Tag Archives: commemoration

How did you commemorate the 4th August 2014?

The countdown to the 4th August began many months ago, with societies, museums, history groups, schools, universities and various other organisations and individuals planning how best to commemorate the day.Harry-Folkestone-Arch

As the day itself arrived, international and local news, web, press and social media was full of  information and images of what was going on around the world to mark the outbreak of war.

As well as many Church services taking place across the county, here are some of the other events that took place on the day:

  • Ashford’s historic World War One tank, the last of its kind, was guarded by members of 133 Field Company Royal Electrical and Mechanical Engineers for the 24 hours of August 4 – read more about the tank here and view other Ashford commemorations here.
  • Kent County Council opened their commemorative exhibition, ‘In their own words’ focusing of the people of Kent during the First World War – see opening times here.sassoon
  • Tunbridge Wells poet Siegfried Sassoon’s First World War journals have been published online by the University of Cambridge – read more from BBC news here or view the digital journals here.

There are many other events, activities and projects taking place across the country; take a look at the Visit Kent’s Frontline Kent website for full details.

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#LightsOut

Spectra-lights-out

Japanese artist Ryoji Ikeda’s spectra, is a column of intense white light that punctuates the London sky from sunset until dawn for seven nights only.

“The lamps are going out all over Europe; we shall not see them lit again in our lifetime” Sir Edward Grey, British Foreign Secretary, August 1914

Everyone in the UK was invited to take part in LIGHTS OUT by turning off their lights from 10pm to 11pm on 4 August, leaving on a single light or candle for a shared moment of reflection.

People took part in whatever way they chose, marking the centenary of the outbreak of the First World War either individually or by attending one of the many events being organised around the country for a collective experience.  There were over 1,000 Lights Out moments registered on the 14-18 NOW website.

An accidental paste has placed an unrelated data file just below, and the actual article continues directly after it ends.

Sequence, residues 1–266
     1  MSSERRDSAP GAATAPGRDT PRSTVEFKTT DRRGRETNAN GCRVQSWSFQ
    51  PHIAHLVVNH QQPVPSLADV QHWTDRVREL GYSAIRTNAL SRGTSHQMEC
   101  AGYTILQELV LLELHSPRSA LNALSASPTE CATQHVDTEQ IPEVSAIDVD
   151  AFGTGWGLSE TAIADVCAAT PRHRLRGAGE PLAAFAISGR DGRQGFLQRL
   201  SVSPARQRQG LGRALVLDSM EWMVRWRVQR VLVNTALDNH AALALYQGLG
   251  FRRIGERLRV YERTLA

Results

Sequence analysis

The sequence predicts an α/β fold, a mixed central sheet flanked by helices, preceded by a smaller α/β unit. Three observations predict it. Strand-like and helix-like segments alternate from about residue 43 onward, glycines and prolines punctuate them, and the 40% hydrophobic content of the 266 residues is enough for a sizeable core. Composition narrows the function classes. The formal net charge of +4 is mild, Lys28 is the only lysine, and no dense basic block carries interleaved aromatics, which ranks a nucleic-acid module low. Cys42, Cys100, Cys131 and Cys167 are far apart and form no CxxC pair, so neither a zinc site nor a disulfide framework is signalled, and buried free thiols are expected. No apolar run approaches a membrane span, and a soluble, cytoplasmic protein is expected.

As well as the national Lights Out moments, four leading international artists were commissioned by 14-18 NOW to create special public artworks, for one night only. Each one has its own unique approach to creating a light source.  Experience the artworks here.

View hundreds of Lights Out moments from across the country by following the Twitter hashtag: #LightsOut.

Get involved in Kent’s ‘Voices of the First World War’ book

Amberley Publishing are currently looking at commissioning a series of books entitled ‘Voices of the First World War’. These will tell the story of the war in different counties across England, and will be published to tie in with the approaching centenary in 2014.

They are looking at compiling letters, diaries, and other contemporary literature from a range of ‘voices’ – those fighting abroad and living on the home front – into a book about Kent’s First World War. Kent was one of the most important sites of the war in Britain, and they would love to include it in their series.

The book Amberley Publishing  are proposing will be largely made up of contemporary material, so the task would primarily involve typing up, arranging and editing the contemporary manuscripts, selecting images and photographs, and writing a short introduction to each section. Dependent on material, the book would probably be split into themes such as men at war, women at war, living at home, the front line, and what happened afterwards.

Amberley Publishing  are a leading publisher of local history titles, and also have a strong track record in general history. They focus largely on British history, and consequently, are very interested in the effect of the First World War on home soil. A book on the subject would serve to increase public engagement in Kent culture and heritage, and would help focus media attention on the county as one of the major remembrance sites for the centenary. They are aware of the huge importance of a project such as this one. It is vital to record these ‘voices’ and allow them to tell their story, particularly as there are sadly few remaining who are able to remember this time.

Christian Duck, Editor at Amberley Publishing would like to hear from anyone who may be interested in, and have the expertise for, such a project.  If you are interested and want to find out more about the work involved or royalty rates, please contact Christian Duck directly on c.duck@amberley-books.com 

A: Amberley Publishing, The Hill, Merrywalks, Stroud, Gloucestershire, GL5 4EP

T: 01453 847814

W: www.amberly-books.com

Amberly Publishing